Planning system and expertise
What is the implication for expert planners and planning systems of a more citizen-led governance of place? Planning systems are typically encumbered by complex regulations, the purposes of which are often long forgotten, but which have been developed as a key part of the state’s role in managing land and property development markets. The potential for costly legal challenge is always in mind. Planning officials are often caught in the tension between administering the regulations, promoting plans and strategies which help to ‘care for place’, and realising the ambitions of their politicians. Planning officers usually try to be helpful, and value working with communities, but, in England, their work is often under-resourced and much is left to web-based circulation. Sometimes their patience is sorely tried by the slow struggles of community groups to grasp what is at stake and how to make a plan.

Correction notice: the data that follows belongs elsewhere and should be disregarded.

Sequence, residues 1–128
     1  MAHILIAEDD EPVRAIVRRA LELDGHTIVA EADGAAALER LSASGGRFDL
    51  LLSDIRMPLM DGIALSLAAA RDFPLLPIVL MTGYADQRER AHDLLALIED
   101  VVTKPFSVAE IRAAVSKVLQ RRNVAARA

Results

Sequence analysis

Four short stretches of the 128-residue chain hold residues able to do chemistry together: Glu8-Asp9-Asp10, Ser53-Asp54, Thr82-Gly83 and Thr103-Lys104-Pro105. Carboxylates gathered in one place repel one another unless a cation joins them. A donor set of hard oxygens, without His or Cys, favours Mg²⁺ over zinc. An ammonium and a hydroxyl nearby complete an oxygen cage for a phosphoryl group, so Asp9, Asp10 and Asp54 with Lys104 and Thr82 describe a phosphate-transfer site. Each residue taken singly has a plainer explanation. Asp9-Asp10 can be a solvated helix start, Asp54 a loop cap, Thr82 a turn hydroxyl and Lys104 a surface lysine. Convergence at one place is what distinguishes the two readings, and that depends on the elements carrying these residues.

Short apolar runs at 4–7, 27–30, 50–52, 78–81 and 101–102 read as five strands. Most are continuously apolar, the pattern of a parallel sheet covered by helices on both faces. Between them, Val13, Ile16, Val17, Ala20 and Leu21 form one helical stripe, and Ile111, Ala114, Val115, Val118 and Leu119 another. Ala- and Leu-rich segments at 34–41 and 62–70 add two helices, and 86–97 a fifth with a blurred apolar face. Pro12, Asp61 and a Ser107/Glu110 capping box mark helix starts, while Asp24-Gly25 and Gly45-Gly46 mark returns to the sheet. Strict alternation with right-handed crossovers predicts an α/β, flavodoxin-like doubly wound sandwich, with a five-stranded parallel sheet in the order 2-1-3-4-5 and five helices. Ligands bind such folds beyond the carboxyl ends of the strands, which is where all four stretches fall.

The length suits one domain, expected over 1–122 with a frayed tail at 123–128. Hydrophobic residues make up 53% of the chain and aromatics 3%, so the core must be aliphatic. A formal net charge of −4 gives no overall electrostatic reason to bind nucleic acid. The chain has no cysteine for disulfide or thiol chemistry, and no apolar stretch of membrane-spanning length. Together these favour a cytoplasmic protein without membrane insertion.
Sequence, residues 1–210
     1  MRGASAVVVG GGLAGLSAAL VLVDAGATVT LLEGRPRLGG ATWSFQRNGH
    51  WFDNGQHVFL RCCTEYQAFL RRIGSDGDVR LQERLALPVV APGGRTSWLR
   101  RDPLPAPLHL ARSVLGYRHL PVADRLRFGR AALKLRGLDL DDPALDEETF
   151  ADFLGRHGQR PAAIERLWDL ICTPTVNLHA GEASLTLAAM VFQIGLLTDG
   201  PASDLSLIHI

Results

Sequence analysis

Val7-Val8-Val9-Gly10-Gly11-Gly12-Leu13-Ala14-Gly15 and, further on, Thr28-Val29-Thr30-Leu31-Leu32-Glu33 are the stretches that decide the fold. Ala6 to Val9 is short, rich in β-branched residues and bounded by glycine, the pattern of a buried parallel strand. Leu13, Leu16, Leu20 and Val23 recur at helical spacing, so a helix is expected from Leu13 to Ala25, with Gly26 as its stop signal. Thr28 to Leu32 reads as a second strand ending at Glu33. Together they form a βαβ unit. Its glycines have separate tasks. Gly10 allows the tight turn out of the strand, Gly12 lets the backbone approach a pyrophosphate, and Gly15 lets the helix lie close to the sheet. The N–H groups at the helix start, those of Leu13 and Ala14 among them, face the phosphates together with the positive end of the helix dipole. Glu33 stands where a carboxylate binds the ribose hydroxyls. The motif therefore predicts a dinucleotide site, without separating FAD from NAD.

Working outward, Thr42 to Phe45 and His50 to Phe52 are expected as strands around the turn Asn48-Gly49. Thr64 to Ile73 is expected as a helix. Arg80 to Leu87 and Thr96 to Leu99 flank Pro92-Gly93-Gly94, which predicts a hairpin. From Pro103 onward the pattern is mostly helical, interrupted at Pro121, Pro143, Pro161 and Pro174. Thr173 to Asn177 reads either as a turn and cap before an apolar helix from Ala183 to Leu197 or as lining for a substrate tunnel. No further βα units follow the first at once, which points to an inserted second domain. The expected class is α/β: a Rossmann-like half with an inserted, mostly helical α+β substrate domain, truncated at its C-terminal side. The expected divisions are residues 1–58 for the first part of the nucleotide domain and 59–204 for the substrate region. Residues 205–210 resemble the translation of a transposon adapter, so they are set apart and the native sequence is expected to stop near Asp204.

It is important to note that planning expertise is not confined to local authority administrations. Formally trained planners may act as consultants to citizens. In our community, consultants have advised our local development trust on several projects. We now have the support of a planning consultant for our neighbourhood plan work. Citizen groups may also have trained planners as members. There are at least two in my community, and their presence is reported in many accounts of the more than 1700 neighbourhood plan initiatives across the country (Brownill & Bradley, 2017). And the skills needed for place governance work can also be found distributed through a community. Most people who get involved in micro-scale place governance do so because they care about their place, the people who live there now and in the future. Because of this care, they are prepared to give their time voluntarily. But such time is always limited and often episodic, depending on all the other commitments people have. People also withdraw for health reasons, ‘burn out’ and when they feel nothing is being achieved. And the availability of time, energy and expertise is unevenly distributed among localities, relating less to objectively identifiable needs and more to the capacity to mobilise community interest.